Der General der k.u.k. Armee und Geheime Rat Maximilian Csicserics von Bacsány
Hans Eder
Art der Arbeit
Universität Wien
Historisch-Kulturwissenschaftliche Fakultät
Horst Haselsteiner
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Of the thesis paper regarding the Imperial Counsellor General Maximilian Csicserics von Bacsány The subject goes back to a suggestion by Dr. Peter Broucek, the former director of the Viennese Archive of War. Dr. Broucek adversely critisized the fact that there was no thorough biography existing for this so important man of the k.u.k. army. The academic guardian of this paper Herr O.Prof. Dr. Horst Haselsteiner, approved of this theme. The Viennese Archive of War and the National Archive of Croatia in Zagreb are holding a rich legacy handwritten by Csicserics himself covering his life from his birth until the end of the First World War. His private life after the War was at that time fully in the dark. But scrutinous investigation and thereby finding the grandchildren of the generals wife their whole life could be completely disclosed. Maximilian von Csicserics is a descendant of a family of Croatian army officers from the Military Border. He was an intelligent and very diligent pupil and later he was a likewise diligent student at the Military Academy of Wiener Neustadt where he finally got promoted to Lieutenant of the Infantry despite the early death of his father and luckily overcoming a serious lack of growth of his body. His career was developing smoothly and got him finally into the General Staff as a Staff Officer. There he received the order to go to the city of Kazan' in Zaristic Russia for a year of training in the Russian language. He then continued working for the Office of Evidence in the General Staff where he helped to develop a data base concerning the probable main enemy in an expected new war. He was exellently prepared for this assignment because of his perfect language skills and by extensive studies of Russian affairs he also was up to date at any time. His most decisive experience in all his life was for Csicserics his commissioning as Military Attaché at the court of the Zar serving in Mandchuria the war area of the Russo-Japanese War of 1905/06. Here modern warfare of the future was demonstrated and the Russians were given bitter lectures. But the newly won understanding Csicserics of the new ways of the military future did not find the necessary interest and support of the General Staff. Conrad 355 von Hötzendorf the head of the staff and his followers did'nt listen to him instead didn't take him serious and even laughed at him. Csicserics became a lonely man. His consequences from the war with Japan were not accepted or even thought about. A power consuming fight with numerous repulsions started. For example as one of the few war experienced commanders he got no command at the beginning of the First World War exept a shameful command for organizing a few bridgeheads along the Danube. No one simply understood his new views or may be didn't even want to do so. But on the other hand they didn't give him the opportunity to put everything down to paper or to allow him to talk about what would be essential for the survival of the army. His conclusions were: The empty (cleaned up) battle ground (No enemy was to be seen any longer for they used to shoot under cover). Howitzers were again in demand. Especially important became the concerted action of artillery and infantry. Digging in in front of the enemy was common practice. Fortresses were deemed useless because they didn't offer enough cover any more, the developed new artillery broke the thickest walls and fortresses were therefore simply wasted money. He asked twice for permission to hand over his commands. The one incident occurred before the war during manoeuvers, when he was rebuked because of his new ideas. The other one happened during the Serbian war when Csicserics asked to be drawn back from an impossible command as corpscommander. He anticipated a terrible disaster for the whole ordered battle was poorly prepared and he hated to be made responsible for a tragedy. As was proven later the battle ended in a complete disaster and unnecessary bloodshed. When in 1915/16 the Russian Army crossed the Carpaths and advanced right into the heart of the Monarchy the Empire suffered heavy losses. Almost one million troops and 75% of the officers fell so afterwards there was no original k.u.k. Army was fighting. It was mainly reserves in officers and badly trained troops which continued the war under great losses. The Russian dread became so dangerous the General Staff in Vienna said: "So let Csicserics come in and let him show his capabilities." He was given command over a smitten and discouraged Corps. So he started to reorganize and stock up his army which was largely robbed of arms and soldiers by neighboring Corps. He trained his troops in the new ways of fighting the Russians whom he knew so well and thus drove them from victory to victory probing far into the enemies home territory. He did all this under a German Commander and was everywhere in high esteem. In 1917 he had to exchange his 13. Corps with the 23. Corps in northern Italy. The old 356 commander lost two battles at the Isonzo river with heavy casualties and left him a similarly run down Corps like Csicserics found when he took over the 13. Corps. Csicserics reorganized the 23. in considerable speed trained his Troops with the new regime in proven ways and won himself gloriously two Isonzo battles fending off the Italian Army far beyond the Piave valley. Out of these successes the Emperor called him into a peace mission as his personal envoy and that of the Austro-Hungarian Army in the peace talks in Brest-Litovsk between December 1917 until March 1918. He was to report to the King and Emperor Karl about the conduct of the unpredictable Foreign Secretary Count Czernin. There Csicserics was promoted to General and to Emperial Counsellor. Finishing this task he came back into his former command and managed it again succesfully. The closing war saw him securing the retreat of the army into Austria via Lubljana, Slovenia, by the order of the General Staff. Also this order he handled with calm and efficiency. He knew the new people in Slovenia very well and they trusted him. He came back to Vienna with the army and was demobilized there on 1st of January 1919. He decided to become in Jugoslavia a Croatian Citizien. In 1928 he married Gabriele Jagodics de Kernyécsa in Rumania where they stayed until 1942. Then they moved to Zagreb, Croatia to secure his pension. He died there in 1948 a poor (Tito didn't pay his pension any more) blind and broken man. The blindness startet to develop in 1938 and in his last five years he become completely blind and helpless. His phantastic and heroic wife kept him alife and has used up all her means to enable him an endurable life. He and his wife (she died in 1966) are burried in an still existing grave in the Cemetary Mirogoj in Zagreb. Her, Gabis grandchildren Ilona (79) and Denes (82) are living today in Budapest and have contributed heavily with essential details of their family life and history to enable this biography of their "Uncle Max" General Maximilian Csicserics von Bacsány and his wife Gabriela.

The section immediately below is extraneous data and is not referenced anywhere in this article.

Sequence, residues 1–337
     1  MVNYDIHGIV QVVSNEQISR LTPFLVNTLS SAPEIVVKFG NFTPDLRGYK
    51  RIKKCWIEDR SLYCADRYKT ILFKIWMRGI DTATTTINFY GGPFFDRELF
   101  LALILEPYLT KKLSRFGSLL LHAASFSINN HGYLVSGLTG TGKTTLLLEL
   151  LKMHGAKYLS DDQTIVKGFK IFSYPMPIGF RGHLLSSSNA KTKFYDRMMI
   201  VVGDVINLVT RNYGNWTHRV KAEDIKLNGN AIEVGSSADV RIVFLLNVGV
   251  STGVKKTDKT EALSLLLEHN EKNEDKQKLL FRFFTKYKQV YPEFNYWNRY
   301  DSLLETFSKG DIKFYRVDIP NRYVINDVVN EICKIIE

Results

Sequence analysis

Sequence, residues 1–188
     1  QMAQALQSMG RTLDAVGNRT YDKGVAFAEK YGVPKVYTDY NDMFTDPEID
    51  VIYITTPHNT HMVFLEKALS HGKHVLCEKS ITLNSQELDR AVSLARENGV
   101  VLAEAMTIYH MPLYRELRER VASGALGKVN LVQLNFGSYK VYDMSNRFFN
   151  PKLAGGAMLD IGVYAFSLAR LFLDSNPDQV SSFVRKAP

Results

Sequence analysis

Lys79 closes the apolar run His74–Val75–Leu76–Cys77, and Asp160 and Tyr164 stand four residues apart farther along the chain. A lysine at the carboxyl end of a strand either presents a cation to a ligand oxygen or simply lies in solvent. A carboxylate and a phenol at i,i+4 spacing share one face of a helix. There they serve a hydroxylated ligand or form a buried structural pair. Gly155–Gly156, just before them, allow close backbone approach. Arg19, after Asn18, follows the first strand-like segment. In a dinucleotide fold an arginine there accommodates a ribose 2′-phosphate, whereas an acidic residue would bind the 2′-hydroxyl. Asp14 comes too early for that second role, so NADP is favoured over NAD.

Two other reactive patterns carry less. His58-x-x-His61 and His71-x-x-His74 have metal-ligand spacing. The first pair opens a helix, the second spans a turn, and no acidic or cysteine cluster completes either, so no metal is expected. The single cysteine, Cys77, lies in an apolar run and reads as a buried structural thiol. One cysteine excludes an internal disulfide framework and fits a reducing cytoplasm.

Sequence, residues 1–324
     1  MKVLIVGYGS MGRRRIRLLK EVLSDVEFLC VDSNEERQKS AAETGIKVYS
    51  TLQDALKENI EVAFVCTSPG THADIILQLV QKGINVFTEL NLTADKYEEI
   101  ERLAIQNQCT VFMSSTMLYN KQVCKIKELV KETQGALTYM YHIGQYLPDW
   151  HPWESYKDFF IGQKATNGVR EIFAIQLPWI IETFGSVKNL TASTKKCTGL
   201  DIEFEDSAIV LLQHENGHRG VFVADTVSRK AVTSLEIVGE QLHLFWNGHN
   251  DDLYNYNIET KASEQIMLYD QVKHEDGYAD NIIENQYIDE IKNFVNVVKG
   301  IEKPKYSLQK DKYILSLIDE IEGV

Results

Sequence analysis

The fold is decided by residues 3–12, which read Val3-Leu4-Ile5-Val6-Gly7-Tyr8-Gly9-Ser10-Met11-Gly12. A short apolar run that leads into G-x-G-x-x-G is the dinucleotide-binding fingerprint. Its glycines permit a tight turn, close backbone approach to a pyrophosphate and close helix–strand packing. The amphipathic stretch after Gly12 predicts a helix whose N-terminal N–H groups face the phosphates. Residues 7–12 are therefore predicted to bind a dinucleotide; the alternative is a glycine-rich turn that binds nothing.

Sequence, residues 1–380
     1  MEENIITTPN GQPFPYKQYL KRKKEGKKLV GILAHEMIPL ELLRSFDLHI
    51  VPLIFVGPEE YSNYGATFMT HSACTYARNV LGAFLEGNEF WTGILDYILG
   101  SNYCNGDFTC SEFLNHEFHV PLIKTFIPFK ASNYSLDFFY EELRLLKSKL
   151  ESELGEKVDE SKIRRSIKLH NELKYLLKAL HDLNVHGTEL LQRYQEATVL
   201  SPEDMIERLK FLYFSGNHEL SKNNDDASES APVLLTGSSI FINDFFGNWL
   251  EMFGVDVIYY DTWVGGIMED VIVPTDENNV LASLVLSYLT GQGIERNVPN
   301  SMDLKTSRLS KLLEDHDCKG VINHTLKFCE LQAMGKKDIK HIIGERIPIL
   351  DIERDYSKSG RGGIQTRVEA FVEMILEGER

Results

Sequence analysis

Russisch-japanischer Krieg Kazan' Brest-Litovsk Karpaten Piave Front
Hans Eder
Haupttitel (Deutsch)
Der General der k.u.k. Armee und Geheime Rat Maximilian Csicserics von Bacsány
346 S. : Ill., graph. Darst., Kt.
Horst Haselsteiner ,
Arnold Suppan
15 Geschichte > 15.23 Erster Weltkrieg
AC Nummer
Utheses ID
UA | 092 | 312 | |
Universität Wien, Universitätsbibliothek, 1010 Wien, Universitätsring 1